The Failure of Political Islam
For many Westerners, ours seems to be the era of the "Islamic threat, " with radical Muslims everywhere on the rise and on the march, remaking societies and altering the landscape of contemporary politics. In a powerful corrective to this view, the French political philosopher Olivier Roy presents an entirely different verdict: political Islam is a failure. Even if Islamic fundamentalists take power in countries like Algeria, they will be unable to reshape economics and politics and, in the name of "Islamic universalism, " will express no more than nationalism or an even narrower agenda. Despite all the rhetoric about an "Islamic way, " an "Islamic economy, " and an "Islamic state, " the realities of the Muslim world remain essentially unchanged. Roy demonstrates that the Islamism of today is still the Third Worldism of the 1960s: populist politics and mixed economies of laissez-faire for the rich and subsidies for the poor. In Roy's striking formulation, those marching today beneath Islam's green banners are same as the "reds" of yesterday, with similarly dim prospects of success. Roy has much to say about the sociology of radical Islam, about the set of ideas and assumptions at its core. He explains lucidly why Iran, for all the sound and fury of its revolution, has been unable to launch "sister republics" beyond its borders, and why the dream of establishing Islam as a "third force" in international relations remains a futile one. Richly informed, powerfully argued, and clearly written, this is a book that no one trying to understand Islamic fundamentalism can afford to overlook.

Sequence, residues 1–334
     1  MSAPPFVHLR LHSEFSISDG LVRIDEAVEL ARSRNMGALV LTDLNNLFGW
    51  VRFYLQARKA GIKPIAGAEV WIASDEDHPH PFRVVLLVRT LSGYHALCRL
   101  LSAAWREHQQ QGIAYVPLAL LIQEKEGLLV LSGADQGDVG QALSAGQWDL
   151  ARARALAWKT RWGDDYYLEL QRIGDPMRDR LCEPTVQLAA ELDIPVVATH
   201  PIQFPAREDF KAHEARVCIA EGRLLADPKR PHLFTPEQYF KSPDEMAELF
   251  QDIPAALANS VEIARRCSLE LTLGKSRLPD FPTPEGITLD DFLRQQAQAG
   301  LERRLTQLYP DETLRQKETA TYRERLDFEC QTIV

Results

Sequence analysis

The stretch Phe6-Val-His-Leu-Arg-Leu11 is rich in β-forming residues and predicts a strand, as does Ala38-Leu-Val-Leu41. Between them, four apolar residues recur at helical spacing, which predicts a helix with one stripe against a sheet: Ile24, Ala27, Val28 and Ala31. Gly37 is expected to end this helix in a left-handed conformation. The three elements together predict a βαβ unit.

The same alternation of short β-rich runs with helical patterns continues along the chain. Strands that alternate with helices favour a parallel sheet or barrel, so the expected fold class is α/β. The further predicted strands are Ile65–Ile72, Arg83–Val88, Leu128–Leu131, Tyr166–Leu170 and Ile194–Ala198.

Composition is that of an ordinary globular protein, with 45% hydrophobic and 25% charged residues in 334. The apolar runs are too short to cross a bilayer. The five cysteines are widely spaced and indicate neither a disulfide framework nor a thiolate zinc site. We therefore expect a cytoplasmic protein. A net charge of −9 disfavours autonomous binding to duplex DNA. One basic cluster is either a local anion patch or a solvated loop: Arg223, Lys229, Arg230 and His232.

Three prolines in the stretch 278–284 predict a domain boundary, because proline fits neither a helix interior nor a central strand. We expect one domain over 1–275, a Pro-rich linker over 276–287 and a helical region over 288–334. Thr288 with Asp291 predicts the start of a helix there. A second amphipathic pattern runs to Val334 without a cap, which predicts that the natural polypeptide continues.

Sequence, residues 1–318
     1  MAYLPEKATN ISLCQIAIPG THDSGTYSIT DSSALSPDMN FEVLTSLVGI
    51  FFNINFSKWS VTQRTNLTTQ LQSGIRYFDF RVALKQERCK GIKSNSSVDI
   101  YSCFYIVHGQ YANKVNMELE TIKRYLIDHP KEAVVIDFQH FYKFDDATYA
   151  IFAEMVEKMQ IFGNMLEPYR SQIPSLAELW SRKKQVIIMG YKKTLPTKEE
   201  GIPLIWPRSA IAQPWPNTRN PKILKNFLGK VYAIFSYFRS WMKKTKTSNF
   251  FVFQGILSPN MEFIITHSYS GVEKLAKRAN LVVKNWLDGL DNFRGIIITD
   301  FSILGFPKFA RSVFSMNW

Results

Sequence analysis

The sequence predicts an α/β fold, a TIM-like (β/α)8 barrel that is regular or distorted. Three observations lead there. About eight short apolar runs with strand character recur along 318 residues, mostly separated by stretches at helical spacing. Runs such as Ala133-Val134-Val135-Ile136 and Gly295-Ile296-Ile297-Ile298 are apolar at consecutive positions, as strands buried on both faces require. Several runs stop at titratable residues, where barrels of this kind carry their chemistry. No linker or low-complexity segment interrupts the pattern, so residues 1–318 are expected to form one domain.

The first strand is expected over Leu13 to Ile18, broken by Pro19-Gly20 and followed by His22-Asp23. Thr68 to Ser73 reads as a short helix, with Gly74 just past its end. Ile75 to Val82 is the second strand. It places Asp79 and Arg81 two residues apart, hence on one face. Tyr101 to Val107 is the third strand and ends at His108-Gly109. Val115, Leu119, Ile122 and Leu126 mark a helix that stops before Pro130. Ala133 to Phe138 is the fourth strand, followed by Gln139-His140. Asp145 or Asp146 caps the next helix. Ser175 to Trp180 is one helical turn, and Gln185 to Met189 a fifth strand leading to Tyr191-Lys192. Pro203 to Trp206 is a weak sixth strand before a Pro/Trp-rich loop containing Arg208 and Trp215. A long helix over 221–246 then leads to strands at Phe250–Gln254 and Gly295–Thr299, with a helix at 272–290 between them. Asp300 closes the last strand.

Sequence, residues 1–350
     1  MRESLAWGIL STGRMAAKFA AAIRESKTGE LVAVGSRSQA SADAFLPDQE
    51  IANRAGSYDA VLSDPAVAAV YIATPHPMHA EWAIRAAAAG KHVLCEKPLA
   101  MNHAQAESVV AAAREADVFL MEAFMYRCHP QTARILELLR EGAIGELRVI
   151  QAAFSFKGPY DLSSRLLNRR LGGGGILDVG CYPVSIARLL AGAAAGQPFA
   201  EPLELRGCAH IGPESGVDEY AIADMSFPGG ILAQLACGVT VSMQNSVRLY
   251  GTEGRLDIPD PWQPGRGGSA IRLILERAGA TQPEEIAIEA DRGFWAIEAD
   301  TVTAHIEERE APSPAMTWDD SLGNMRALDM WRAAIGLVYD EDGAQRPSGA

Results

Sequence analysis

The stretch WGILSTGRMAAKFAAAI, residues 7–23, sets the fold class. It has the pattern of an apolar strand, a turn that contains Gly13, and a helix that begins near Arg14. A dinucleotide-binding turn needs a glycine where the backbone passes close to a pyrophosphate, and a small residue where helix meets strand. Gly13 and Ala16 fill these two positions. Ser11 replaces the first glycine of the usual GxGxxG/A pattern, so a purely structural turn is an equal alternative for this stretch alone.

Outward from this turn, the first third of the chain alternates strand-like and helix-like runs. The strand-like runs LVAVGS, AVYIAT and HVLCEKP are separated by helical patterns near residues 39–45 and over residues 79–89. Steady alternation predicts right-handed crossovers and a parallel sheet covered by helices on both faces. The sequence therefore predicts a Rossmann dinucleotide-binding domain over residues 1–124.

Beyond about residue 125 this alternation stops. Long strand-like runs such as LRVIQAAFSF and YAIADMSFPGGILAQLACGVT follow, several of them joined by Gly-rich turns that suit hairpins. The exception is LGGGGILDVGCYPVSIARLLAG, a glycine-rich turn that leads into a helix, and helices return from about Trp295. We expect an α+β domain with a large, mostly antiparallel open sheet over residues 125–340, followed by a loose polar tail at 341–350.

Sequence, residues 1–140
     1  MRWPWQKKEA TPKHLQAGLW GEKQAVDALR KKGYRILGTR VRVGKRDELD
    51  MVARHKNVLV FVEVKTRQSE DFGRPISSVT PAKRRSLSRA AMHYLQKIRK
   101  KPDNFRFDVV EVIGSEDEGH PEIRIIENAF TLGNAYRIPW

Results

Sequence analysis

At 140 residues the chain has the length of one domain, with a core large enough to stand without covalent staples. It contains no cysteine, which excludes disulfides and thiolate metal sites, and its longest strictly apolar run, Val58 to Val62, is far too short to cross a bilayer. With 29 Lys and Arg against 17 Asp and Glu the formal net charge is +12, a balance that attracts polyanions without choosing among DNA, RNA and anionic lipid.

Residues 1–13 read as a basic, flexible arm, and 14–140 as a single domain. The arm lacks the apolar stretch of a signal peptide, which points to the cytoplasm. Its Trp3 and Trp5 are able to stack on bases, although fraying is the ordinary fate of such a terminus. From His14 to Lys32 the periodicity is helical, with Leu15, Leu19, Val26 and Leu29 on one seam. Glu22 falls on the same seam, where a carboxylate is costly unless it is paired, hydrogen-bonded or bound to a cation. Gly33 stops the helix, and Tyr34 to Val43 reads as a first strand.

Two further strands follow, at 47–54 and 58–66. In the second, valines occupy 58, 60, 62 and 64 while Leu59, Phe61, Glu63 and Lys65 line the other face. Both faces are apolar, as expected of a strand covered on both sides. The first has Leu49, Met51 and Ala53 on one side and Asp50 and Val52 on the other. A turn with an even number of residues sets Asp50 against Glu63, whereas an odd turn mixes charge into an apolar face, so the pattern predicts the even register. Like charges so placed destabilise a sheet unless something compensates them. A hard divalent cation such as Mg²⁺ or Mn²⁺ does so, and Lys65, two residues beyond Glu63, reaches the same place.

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In this work, Roy (Islam and Resistance in Afghanistan, Cambridge Univ. Pr., 1986) analyzes the types of people who are attracted to Islamist (the author's word) movements and the ideologies and goals ... Read full review
the Algerian FIS
Shiism and Revolution
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